Genomic analysis and antimicrobial resistance of Aliarcobacter cryaerophilus strains from German water poultry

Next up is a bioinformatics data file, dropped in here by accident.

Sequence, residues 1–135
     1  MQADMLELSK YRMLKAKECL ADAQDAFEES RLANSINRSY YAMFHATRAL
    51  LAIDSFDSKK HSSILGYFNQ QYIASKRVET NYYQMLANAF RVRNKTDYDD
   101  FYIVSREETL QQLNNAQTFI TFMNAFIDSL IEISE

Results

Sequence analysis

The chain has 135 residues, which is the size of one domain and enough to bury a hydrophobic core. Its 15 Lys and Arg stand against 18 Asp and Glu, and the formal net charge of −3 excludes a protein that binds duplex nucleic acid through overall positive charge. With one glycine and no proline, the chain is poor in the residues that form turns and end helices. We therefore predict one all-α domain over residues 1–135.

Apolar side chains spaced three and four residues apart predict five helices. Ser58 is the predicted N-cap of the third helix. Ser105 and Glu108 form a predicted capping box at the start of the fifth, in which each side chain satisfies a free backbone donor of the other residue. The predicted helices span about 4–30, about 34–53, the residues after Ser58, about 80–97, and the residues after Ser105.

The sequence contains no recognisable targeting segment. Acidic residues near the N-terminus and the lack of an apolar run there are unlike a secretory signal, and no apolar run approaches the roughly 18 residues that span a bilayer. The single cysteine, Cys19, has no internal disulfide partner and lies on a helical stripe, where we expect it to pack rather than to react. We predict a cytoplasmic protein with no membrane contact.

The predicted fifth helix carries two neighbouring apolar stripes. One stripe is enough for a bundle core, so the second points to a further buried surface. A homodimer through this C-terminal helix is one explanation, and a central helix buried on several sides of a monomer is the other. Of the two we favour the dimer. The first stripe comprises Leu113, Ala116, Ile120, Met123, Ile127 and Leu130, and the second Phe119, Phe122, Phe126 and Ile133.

Aliarcobacter cryaerophilus (formerly Arcobacter cryaerophilus) is a globally emerging foodborne and zoonotic pathogen. However, little is known about the species' genomic features and diversity, antibiotic resistance and virulence. In this study, 27 A. cryaerophilus strains from water poultry in Thuringia, Germany, were investigated using whole-genome sequencing. Four of these strains were sequenced using long- and short-read sequencing methods to obtain circularized genomes. The German strains belong to the A. cryaerophilus cluster I. Cluster I genomes exhibited a high degree of genetic diversity in which variable sites comprised 9.1% of the core genome. The German strains formed three subgroups that contained 2, 6, and 9 strains, respectively. The genomic analysis of cluster I revealed variable presence of mobile elements and that 65% of the strains lack CRISPR systems. The four circularized genomes carried a ~2 Mbp chromosome and a single megaplasmid (size 98.1-154.5 Kbp). The chromosome was densely packed with coding sequences (~92%) and showed inversions and shifts in the gene blocks between different strains. Antimicrobial resistance was assessed using a gradient strip diffusion method and showed that all 27 strains were resistant to cefotaxime and susceptible to erythromycin, gentamicin, and ampicillin. Sixteen strains were also resistant to ciprofloxacin, whereas 23 were resistant to streptomycin. The genetic prediction of antibiotic resistance identified numerous efflux pumps similar to those found in A. butzleri. All strains harbored two beta-lactamase genes which may explain the cefotaxime resistance. A correlation between the gyrA point mutation (Thr-85-Ile) and ciprofloxacin resistance was partially discovered in 15 out of 16 strains. In silico virulence profiling showed a wide range of virulence factors including a full chemotaxis system and most of the flagellar genes. In contrast to A. butzleri, no urease cluster was found. This study provides new insights into the genomic variability of A. cryaerophilus strains of cluster I. The different genetic makeup of these strains may contribute to the virulence of strains and the severity of the infections in humans.